The owners of a new company found a building on the market for an affordable price, so they bought it. Built in the 1940s to manufacture aircraft for the war effort, the metal structure had a large open space. The company occupying this space was in the software development business and the building was much larger than it needed, but the price made it seem like a sensible move. However, the owners got a surprise from their insurance agent about property coverage. Insurance companies base limits of insurance on the cost of replacing a building exactly as it was before the loss. The cost of reconstructing this old building was much higher than both its purchase price and that of other suitable properties. The company did not need that much insurance, and paying the higher premium for it would have been wasteful, so the owners asked the agent for alternatives. What if, they asked, we don’t rebuild our building as it was?
After a fire or some other catastrophe destroys a building, its owners may decide not to rebuild or replace with a similar structure for a number of reasons.
- As was the case with the software company, the current building’s design may be impractical. The company bought the building because of a good price, not because of its large open space. A software developer ordinarily does not need that much space; if it were to rebuild, it would almost certainly choose a smaller building with a different layout. Also, very old buildings often include materials that builders do not commonly use today, such as plaster and lathe. Reconstruction with these materials is expensive and often unnecessary for the continued operation of the business.
- The company may decide to consolidate the operations of two locations into one. The second location may have the capacity to absorb the first one’s operations, and management may feel that it will gain efficiencies by consolidating.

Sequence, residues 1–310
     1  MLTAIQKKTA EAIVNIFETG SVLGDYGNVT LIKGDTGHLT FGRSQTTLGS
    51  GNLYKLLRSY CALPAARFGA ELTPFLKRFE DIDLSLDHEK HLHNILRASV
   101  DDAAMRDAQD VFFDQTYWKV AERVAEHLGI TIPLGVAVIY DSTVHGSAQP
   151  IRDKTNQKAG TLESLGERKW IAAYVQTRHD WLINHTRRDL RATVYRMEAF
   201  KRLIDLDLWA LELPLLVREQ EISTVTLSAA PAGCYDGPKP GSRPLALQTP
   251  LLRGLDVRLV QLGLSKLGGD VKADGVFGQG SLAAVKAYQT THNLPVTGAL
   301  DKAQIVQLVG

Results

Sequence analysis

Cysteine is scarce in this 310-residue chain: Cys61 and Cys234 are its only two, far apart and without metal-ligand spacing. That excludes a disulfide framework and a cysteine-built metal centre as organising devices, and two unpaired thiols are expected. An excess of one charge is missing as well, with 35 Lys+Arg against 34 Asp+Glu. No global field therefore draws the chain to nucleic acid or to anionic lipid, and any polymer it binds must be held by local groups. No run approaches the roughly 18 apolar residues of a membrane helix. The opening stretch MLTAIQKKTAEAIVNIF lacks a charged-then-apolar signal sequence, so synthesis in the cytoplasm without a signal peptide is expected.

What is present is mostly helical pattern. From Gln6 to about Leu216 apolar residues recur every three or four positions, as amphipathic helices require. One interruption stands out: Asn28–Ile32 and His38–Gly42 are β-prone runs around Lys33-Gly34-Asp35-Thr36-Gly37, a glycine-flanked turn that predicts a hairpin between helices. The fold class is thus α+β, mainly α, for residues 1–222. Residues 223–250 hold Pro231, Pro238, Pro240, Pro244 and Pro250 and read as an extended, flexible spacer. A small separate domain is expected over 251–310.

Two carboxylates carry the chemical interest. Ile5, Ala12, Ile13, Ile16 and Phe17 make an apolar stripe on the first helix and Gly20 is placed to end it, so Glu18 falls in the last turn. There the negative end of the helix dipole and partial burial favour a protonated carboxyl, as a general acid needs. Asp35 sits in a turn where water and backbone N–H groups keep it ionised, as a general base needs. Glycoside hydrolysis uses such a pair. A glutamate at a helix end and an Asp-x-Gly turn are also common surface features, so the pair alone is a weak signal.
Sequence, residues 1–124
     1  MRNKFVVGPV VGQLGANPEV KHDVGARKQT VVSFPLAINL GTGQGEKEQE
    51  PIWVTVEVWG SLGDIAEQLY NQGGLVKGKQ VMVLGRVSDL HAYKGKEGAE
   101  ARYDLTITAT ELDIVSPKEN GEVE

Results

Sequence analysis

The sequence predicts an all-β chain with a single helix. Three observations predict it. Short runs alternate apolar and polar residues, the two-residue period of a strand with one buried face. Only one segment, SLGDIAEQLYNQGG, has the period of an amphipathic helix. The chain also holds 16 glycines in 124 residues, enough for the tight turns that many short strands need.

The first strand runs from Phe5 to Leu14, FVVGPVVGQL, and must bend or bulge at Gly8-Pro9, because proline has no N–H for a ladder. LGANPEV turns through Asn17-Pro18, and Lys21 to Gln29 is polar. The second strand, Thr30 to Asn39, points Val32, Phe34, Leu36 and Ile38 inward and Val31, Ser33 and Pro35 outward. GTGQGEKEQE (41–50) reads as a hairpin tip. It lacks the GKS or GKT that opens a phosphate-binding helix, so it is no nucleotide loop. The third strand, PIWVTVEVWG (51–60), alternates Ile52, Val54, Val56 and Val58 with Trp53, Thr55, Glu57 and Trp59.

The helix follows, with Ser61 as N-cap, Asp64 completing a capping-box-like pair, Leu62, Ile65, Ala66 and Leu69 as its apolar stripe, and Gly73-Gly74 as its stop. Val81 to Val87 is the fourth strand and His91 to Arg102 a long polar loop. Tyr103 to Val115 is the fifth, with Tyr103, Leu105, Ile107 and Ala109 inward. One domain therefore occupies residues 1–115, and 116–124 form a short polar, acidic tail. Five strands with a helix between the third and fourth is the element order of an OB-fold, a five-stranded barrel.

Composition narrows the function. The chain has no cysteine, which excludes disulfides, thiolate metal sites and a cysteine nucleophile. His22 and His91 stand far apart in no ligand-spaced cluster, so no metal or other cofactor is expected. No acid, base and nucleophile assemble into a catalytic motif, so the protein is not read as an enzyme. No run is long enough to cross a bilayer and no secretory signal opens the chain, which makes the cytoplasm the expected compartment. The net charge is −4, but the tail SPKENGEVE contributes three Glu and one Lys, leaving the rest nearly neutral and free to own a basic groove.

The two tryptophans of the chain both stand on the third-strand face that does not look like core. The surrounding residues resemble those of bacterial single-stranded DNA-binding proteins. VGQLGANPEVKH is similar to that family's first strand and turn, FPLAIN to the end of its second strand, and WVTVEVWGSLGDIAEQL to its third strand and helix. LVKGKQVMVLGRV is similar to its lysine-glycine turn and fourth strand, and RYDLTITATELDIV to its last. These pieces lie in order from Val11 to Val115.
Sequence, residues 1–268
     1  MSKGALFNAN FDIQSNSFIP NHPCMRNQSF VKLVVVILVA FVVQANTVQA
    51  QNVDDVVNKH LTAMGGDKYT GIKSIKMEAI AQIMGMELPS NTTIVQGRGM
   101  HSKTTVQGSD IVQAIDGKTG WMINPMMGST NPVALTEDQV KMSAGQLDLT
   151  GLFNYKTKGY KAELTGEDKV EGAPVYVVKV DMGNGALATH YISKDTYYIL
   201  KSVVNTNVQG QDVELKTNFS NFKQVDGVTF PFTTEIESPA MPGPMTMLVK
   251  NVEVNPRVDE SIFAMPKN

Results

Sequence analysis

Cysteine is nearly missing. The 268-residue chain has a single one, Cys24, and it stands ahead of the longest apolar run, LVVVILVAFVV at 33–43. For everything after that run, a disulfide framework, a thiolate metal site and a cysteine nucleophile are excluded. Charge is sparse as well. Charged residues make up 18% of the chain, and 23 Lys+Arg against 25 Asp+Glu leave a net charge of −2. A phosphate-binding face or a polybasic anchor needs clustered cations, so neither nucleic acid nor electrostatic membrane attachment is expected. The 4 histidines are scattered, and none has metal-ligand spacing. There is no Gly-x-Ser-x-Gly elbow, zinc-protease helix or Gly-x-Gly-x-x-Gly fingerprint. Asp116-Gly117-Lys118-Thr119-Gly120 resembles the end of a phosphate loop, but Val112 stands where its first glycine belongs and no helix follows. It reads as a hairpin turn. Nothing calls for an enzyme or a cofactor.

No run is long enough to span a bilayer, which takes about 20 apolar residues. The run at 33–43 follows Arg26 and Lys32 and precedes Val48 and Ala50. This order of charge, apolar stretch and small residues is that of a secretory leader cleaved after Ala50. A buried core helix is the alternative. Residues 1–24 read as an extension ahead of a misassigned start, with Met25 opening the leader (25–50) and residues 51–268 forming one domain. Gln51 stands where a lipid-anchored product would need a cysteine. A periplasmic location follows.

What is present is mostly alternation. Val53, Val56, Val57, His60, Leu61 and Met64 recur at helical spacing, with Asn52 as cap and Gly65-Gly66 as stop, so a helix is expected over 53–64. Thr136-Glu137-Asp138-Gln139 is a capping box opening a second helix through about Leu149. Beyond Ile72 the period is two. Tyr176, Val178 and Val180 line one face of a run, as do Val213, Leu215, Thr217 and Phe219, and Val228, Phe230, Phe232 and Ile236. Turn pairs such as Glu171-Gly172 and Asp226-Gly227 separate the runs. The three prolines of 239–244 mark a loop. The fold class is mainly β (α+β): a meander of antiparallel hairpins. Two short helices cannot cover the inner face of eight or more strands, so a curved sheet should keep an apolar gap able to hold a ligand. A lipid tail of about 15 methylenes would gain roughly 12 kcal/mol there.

- Depending on the building’s age, it may not meet current building codes. The local government may require any new buildings to meet expensive new codes.
The standard Business Property insurance policy states that the insurance company will pay “actual cash value” — the cost of replacing the property minus an amount for depreciation. However, it offers the option of valuing a loss at replacement cost without deduction for depreciation. A business that chooses this option will need to purchase the amount of insurance equal to the cost of replacing the building “as is.” The company will pay the difference between the actual cash value and the replacement cost only if the property owner actually rebuilds or replaces the property, and then only if he does so as soon as reasonably possible after the loss. The policy also provides a small amount of additional insurance (typically the lesser of 5% of the insurance on the building or $10,000) to cover the increased cost of construction resulting from changes in building codes.
Businesses like the software company, who do not need an exact replacement of their current buildings, should ask their agent about adding a “functional building valuation” endorsement to their policies. It establishes a limit of insurance somewhere between actual cash value and full replacement cost and allows the property owner to replace the building with one that fulfills the same function as the old one at a lesser cost. The discussion with the agent should also include increased “ordinance or law” coverage to provide additional insurance for increased costs from new building codes. With the right attention to detail, a business can get the property insurance it needs without having to waste money on unnecessary coverage.